Send to

Choose Destination
Nature. 2014 Jan 23;505(7484):543-5. doi: 10.1038/nature12901. Epub 2014 Jan 8.

Mycorrhiza-mediated competition between plants and decomposers drives soil carbon storage.

Author information

Department of Integrative Biology, Graduate Program in Ecology, Evolution and Behavior, University of Texas at Austin, Austin, Texas 78712, USA.
Smithsonian Tropical Research Institute, Apartado 0843-03092, Balboa, Ancon, Republic of Panama.
Department of Biology, Boston University, Boston, Masachusetts 02215, USA.


Soil contains more carbon than the atmosphere and vegetation combined. Understanding the mechanisms controlling the accumulation and stability of soil carbon is critical to predicting the Earth's future climate. Recent studies suggest that decomposition of soil organic matter is often limited by nitrogen availability to microbes and that plants, via their fungal symbionts, compete directly with free-living decomposers for nitrogen. Ectomycorrhizal and ericoid mycorrhizal (EEM) fungi produce nitrogen-degrading enzymes, allowing them greater access to organic nitrogen sources than arbuscular mycorrhizal (AM) fungi. This leads to the theoretical prediction that soil carbon storage is greater in ecosystems dominated by EEM fungi than in those dominated by AM fungi. Using global data sets, we show that soil in ecosystems dominated by EEM-associated plants contains 70% more carbon per unit nitrogen than soil in ecosystems dominated by AM-associated plants. The effect of mycorrhizal type on soil carbon is independent of, and of far larger consequence than, the effects of net primary production, temperature, precipitation and soil clay content. Hence the effect of mycorrhizal type on soil carbon content holds at the global scale. This finding links the functional traits of mycorrhizal fungi to carbon storage at ecosystem-to-global scales, suggesting that plant-decomposer competition for nutrients exerts a fundamental control over the terrestrial carbon cycle.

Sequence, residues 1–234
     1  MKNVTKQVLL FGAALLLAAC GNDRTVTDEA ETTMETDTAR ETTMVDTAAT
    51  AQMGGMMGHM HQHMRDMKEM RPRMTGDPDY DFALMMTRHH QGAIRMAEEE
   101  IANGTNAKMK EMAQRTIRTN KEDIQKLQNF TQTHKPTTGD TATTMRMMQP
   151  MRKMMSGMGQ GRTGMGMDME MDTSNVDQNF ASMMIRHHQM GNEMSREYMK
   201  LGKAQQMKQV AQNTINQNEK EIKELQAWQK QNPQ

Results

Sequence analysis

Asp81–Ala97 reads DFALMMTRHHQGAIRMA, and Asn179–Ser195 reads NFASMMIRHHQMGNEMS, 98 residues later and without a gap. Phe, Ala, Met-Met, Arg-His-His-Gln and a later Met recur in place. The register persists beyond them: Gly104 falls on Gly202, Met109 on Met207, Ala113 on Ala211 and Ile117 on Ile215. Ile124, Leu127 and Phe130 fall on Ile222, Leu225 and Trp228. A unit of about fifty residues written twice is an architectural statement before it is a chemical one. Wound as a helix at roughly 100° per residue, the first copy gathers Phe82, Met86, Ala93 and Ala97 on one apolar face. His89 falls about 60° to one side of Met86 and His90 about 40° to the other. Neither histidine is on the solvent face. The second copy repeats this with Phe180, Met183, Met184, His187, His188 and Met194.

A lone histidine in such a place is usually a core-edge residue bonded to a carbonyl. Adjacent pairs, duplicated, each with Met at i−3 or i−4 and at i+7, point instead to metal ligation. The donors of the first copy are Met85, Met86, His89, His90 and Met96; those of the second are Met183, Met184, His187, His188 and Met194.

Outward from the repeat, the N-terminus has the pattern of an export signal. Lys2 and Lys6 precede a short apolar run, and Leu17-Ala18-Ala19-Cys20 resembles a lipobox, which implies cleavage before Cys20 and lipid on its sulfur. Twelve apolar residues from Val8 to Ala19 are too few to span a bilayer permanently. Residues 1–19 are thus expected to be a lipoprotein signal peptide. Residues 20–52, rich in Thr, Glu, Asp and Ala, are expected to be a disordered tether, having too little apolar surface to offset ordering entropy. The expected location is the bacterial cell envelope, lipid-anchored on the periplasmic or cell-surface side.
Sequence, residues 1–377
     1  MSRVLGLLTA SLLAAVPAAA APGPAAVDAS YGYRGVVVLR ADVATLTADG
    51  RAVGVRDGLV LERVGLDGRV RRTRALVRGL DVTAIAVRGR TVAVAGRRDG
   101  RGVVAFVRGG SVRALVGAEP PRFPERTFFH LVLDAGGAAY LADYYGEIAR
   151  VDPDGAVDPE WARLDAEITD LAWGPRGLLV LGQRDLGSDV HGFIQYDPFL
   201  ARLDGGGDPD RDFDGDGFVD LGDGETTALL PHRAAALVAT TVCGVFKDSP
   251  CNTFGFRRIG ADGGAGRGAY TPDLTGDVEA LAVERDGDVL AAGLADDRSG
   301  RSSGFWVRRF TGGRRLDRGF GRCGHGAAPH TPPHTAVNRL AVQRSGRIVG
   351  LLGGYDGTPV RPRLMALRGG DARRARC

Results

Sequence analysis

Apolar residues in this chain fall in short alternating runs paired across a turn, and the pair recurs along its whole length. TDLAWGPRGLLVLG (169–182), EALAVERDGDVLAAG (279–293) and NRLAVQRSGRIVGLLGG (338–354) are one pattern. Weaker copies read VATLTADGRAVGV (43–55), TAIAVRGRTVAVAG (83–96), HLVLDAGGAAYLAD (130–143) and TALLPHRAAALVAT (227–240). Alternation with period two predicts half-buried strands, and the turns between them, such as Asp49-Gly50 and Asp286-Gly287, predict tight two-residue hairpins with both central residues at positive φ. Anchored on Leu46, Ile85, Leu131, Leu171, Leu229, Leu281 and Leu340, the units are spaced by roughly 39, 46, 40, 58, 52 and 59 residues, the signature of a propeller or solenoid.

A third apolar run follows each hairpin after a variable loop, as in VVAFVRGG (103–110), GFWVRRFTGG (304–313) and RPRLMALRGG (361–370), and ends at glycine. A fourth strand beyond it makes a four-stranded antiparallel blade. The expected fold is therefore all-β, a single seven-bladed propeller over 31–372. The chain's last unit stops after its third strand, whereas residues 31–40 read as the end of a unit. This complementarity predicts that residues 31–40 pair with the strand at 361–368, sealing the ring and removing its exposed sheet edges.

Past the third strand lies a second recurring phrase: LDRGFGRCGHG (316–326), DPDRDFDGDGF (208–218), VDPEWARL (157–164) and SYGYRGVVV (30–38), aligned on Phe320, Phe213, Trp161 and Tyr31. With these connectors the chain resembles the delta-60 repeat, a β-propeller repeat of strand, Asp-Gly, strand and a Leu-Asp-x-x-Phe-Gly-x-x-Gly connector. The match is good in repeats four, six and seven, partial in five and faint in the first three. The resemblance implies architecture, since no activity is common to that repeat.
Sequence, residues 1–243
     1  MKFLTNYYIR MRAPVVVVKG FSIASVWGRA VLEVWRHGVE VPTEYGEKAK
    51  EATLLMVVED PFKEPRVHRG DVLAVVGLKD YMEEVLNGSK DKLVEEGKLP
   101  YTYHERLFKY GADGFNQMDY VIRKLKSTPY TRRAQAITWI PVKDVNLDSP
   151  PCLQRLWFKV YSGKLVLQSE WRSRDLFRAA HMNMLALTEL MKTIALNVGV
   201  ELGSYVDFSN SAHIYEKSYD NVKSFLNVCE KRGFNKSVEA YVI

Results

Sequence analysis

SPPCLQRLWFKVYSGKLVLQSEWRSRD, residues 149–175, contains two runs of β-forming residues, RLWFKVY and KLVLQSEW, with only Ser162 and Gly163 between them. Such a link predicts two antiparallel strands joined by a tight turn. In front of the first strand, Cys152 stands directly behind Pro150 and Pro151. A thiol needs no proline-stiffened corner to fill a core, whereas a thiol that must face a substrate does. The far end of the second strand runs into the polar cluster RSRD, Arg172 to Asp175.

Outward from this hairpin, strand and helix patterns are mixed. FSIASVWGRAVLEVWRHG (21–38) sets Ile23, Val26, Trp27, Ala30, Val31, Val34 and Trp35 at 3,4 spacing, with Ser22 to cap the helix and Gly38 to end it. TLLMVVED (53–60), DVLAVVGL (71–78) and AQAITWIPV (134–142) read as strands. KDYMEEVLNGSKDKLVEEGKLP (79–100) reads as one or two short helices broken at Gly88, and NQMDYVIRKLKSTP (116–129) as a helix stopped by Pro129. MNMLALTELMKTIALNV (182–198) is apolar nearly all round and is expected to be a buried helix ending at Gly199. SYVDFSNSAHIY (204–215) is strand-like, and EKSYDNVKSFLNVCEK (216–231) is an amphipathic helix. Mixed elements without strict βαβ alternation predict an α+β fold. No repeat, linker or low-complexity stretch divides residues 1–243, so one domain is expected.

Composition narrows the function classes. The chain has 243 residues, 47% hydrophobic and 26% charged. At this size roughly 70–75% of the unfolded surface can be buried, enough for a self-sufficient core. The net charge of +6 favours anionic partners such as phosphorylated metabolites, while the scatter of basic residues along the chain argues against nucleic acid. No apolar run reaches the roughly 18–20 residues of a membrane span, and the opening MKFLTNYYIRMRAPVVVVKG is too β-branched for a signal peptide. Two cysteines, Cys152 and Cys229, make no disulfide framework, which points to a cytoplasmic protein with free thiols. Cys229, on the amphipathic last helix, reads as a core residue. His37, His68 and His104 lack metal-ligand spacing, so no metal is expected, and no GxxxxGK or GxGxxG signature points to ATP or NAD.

Comment in

[Indexed for MEDLINE]

Supplemental Content

Full text links

Icon for Nature Publishing Group
Loading ...
Support Center